QUOTE (rivnut @ Wed, 7 Jan 2004 08:29:33 +0000)
In one form or another, Battle Procedure has existed in armies for a very long time. John Keegan, in "The Face of Battle" touches upon the subject of battle procedure at Agincourt itself. All evidence points to the fact that English archery units were highly organized and kept in as good order as the troops ever were during WWI.
I agree, I think it has been around in a basic form for a long time. Armies such as the Spartan and Roman armies would not have been as effective as they were without some kind of BP.
However, in those days, and up until at least the early 19th century, I believe that it was more of a higher command/staff concern. It would have been primarily about logistics - getting your troops to the right place at the right time with sufficient arms and ammunition to achieve the task, and making sure that they and their horses had enough food and water. Senior officers had to know and understand the commanding general's intentions.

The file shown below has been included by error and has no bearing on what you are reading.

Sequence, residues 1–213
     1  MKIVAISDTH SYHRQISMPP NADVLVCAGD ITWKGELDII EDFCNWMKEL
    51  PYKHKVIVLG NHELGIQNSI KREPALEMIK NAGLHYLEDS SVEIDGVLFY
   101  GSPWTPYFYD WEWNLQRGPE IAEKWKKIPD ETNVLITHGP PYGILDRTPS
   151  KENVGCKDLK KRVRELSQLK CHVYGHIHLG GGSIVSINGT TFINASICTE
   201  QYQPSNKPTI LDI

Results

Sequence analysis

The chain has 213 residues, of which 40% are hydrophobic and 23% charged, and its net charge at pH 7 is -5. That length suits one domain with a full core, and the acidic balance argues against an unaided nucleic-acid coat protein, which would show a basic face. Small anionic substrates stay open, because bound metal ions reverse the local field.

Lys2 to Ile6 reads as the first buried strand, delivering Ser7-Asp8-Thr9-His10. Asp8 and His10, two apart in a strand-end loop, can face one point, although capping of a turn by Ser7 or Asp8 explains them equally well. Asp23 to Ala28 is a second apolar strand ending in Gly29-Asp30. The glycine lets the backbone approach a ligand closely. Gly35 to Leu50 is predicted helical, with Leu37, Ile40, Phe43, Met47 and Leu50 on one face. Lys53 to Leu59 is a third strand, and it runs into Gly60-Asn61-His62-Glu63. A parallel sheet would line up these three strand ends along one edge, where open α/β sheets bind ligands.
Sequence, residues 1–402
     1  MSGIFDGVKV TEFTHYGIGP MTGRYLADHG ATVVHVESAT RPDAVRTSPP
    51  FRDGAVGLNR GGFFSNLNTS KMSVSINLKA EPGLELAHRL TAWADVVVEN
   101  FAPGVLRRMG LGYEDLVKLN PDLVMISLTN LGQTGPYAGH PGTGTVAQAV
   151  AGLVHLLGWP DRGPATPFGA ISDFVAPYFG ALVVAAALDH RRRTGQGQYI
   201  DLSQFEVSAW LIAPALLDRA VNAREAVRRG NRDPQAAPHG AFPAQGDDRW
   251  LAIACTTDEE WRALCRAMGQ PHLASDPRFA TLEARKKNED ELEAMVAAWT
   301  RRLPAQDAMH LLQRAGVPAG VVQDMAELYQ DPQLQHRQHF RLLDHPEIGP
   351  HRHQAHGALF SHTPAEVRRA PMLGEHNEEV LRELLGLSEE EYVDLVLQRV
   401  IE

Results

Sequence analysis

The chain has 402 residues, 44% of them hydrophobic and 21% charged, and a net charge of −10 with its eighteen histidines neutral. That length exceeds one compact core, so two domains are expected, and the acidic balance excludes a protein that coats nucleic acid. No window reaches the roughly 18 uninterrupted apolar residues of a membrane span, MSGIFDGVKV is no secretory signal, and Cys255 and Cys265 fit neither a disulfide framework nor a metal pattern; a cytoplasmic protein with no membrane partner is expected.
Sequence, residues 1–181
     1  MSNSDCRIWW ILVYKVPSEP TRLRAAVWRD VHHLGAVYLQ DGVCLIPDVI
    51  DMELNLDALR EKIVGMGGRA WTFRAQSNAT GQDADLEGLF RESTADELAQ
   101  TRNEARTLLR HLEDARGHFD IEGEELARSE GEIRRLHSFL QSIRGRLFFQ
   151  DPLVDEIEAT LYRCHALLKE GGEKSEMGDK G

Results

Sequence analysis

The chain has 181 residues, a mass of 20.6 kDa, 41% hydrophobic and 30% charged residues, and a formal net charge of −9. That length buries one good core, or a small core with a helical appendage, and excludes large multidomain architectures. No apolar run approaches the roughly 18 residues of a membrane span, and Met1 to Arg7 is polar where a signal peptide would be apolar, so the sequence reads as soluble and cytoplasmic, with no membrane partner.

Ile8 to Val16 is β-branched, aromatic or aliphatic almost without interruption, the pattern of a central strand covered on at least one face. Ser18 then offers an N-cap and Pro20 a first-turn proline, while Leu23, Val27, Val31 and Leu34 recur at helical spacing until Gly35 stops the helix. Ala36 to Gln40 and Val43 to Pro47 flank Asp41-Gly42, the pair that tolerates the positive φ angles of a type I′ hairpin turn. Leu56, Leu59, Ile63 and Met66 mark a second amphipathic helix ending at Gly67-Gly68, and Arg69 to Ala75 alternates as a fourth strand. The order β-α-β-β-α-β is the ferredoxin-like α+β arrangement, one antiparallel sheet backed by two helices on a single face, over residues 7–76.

However, armies in those days tended to be small, they were not complex compared with those of 1918, and battles rarely lasted more than a couple of days.
I guess my question is really about how BP developed at the lowest levels. How did information and intention get pushed down to junior ranks?
If you were say a pikeman in a ECW pike block or a musketeer in a Napoleonic company how much did you really need to know about your commanders intention etc. to do your job? Probably not much, but you would have wanted musket balls, a full waterbottle and food. In those days I guess a company of a couple of hundred men would in practice have been the smallest unit of battle. Junior NCOs would not have needed to make tactical decisions. What really counted was the men knowing their drills (e.g. go from column to line etc.), obeying commands and keeping their place in the formation.
This is very different from the level of independent thought and flexibility required of a junior NCO in the BEF by 1917-18, or by German stormtroopers. Tactics as espoused in SS 143 of Feb 1917 would have demanded that detailed and different orders would have had to reach all four of a platoon's sections. It would also have meant a more complex BP allowing time for rehearsals etc.